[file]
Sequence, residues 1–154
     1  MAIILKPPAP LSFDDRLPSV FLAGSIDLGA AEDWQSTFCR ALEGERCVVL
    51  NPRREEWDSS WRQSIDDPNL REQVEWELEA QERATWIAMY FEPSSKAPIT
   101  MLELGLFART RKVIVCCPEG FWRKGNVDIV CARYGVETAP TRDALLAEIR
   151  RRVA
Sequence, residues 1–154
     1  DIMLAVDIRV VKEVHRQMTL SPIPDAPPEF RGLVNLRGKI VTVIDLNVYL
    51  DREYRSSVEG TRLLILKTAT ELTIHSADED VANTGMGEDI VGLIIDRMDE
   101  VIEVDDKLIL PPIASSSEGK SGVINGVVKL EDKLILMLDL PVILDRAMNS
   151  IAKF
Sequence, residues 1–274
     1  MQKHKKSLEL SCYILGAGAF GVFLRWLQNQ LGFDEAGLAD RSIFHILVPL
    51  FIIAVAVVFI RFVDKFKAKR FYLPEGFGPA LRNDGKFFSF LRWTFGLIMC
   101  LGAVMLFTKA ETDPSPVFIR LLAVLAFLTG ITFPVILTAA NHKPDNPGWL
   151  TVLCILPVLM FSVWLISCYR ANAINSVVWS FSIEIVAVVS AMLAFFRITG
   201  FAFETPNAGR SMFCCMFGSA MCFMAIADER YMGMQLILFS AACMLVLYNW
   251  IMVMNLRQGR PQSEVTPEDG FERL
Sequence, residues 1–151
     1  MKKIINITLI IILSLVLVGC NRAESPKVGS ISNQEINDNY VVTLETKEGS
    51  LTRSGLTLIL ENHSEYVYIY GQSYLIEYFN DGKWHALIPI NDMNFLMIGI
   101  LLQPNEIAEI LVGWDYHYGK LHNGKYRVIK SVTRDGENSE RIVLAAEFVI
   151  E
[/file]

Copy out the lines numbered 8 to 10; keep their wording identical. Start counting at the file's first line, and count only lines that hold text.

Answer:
    51  DREYRSSVEG TRLLILKTAT ELTIHSADED VANTGMGEDI VGLIIDRMDE
   101  VIEVDDKLIL PPIASSSEGK SGVINGVVKL EDKLILMLDL PVILDRAMNS
   151  IAKF